|About the Book|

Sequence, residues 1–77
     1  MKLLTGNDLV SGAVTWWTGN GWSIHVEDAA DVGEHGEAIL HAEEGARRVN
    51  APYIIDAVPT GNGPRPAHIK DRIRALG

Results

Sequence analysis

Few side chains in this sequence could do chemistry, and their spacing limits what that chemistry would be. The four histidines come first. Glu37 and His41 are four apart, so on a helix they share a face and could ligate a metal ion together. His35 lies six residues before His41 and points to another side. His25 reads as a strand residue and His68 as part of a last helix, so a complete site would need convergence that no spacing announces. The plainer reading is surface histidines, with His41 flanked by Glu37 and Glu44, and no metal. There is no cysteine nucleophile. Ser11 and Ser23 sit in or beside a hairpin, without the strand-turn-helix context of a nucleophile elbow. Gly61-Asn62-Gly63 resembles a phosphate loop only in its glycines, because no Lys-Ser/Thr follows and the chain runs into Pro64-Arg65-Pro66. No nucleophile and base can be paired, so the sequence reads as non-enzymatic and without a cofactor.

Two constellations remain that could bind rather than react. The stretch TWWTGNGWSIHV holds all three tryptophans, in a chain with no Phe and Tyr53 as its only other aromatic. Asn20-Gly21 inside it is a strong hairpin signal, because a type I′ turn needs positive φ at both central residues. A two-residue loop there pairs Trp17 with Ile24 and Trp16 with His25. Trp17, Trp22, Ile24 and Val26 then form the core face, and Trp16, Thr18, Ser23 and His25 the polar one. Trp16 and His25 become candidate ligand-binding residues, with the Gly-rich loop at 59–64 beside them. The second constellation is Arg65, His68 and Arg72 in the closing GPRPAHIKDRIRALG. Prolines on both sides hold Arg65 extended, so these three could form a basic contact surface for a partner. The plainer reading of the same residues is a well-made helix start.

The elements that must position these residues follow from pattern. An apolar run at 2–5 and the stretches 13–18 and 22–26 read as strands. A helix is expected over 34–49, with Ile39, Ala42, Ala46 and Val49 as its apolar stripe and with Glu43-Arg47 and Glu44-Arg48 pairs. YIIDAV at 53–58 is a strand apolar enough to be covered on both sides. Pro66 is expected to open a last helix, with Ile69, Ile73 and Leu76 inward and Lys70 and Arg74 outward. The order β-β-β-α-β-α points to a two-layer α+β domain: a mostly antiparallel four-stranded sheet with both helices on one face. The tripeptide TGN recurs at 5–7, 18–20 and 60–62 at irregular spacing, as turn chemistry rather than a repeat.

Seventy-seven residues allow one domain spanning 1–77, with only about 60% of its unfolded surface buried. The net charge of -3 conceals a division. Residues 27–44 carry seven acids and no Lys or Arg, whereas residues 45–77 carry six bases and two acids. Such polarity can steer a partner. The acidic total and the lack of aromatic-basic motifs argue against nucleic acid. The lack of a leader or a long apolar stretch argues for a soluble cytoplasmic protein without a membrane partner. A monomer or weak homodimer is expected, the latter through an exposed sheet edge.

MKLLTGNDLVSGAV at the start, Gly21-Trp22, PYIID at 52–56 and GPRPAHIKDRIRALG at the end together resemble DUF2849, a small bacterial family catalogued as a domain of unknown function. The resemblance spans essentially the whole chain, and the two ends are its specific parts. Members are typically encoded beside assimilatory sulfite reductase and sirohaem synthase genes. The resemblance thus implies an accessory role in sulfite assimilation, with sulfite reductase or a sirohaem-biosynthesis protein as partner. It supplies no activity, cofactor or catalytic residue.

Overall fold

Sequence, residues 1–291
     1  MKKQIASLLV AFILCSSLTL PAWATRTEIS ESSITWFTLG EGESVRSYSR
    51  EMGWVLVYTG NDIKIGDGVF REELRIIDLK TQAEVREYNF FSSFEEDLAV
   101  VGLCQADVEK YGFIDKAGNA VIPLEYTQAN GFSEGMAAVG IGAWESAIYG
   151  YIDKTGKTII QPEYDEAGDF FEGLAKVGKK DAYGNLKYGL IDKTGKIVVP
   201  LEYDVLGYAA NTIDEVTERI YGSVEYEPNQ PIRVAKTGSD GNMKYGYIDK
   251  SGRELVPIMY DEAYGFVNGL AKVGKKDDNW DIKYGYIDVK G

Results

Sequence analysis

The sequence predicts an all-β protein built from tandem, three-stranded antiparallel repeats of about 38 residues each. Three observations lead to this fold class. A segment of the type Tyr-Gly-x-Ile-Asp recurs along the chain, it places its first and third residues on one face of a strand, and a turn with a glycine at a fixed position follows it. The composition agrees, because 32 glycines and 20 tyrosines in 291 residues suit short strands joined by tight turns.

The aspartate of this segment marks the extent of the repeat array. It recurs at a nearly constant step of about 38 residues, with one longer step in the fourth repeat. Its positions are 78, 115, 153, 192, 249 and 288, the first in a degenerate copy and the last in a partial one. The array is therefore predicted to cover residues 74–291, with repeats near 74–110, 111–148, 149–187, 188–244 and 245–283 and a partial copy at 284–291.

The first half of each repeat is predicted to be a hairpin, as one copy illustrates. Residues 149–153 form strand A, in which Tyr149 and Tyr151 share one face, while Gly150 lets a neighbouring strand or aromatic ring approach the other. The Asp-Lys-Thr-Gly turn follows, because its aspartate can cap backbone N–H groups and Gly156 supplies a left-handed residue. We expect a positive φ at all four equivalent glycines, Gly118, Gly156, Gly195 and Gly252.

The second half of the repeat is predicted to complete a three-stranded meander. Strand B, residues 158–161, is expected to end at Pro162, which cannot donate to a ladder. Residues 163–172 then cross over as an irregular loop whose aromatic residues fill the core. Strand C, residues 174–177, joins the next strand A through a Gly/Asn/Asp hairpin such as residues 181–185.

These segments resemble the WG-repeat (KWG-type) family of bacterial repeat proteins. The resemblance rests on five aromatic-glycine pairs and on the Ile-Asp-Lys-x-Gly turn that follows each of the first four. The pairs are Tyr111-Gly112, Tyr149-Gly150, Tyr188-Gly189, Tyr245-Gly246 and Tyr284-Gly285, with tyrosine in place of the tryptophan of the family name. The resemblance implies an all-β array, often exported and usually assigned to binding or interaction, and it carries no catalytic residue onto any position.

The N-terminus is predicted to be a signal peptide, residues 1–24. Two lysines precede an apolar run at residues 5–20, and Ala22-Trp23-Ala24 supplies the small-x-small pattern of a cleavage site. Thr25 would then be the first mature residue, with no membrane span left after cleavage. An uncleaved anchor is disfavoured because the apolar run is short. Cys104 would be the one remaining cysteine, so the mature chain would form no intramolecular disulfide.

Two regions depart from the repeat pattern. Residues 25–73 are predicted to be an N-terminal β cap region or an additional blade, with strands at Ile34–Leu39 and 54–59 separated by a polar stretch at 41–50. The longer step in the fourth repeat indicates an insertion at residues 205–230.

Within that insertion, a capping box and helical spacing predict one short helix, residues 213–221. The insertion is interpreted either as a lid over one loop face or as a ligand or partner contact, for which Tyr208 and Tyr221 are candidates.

Should we be doing or trying to do everything ourselves, or might it be better to contract some tasks out to others? Could they do them better and cheaper than we can? More and more state and local governments are asking these questions, and whileMoreShould we be doing or trying to do everything ourselves, or might it be better to contract some tasks out to others? Could they do them better and cheaper than we can? More and more state and local governments are asking these questions, and while there are many answers on the Federal level, these answers often dont apply lower down the line. Nevertheless, it is evident that contracting out is often the better strategy but how best to go about it? What are the benefits and what are the hidden risks? Dr. OLooneys book provides precisely the guidance that state and local managers need: first, how to decide to outsource a government service, then step-by-step how to proceed. Based on extensive interviews and other research, OLooney takes managers through the intricacies of contract outsourcing and administration, but in doing so he makes clear that he appreciates the importance of government. His book is not an argument for privatization, as so many other books are- rather, it is an affirmation of government and the benefits of its many services.--Readers will find theory and advice on the services that are most suitable for contracting out- a listing and review of the components of a high-quality analysis, including the analysis of often overlooked political, organizational, and functional aspects of government- advice on how to go from deciding to outsource to actually designing, implementing, and monitoring a contract in situations that could prove hazardous to the livelihoods of government workers. He also discusses the changes that need to be made in the organizational culture, management, and employee training as a result of the change to a contract-based system of providing services- the considerations in designing work specifications and other critical aspects of the government-vendor relationship, and how ideal contracting processes and ideal contracts can differ according to the nature of the service being contracted. The result is a thorough and highly practical volume for executives and managers in the public sector, and for those who hope to do business with them.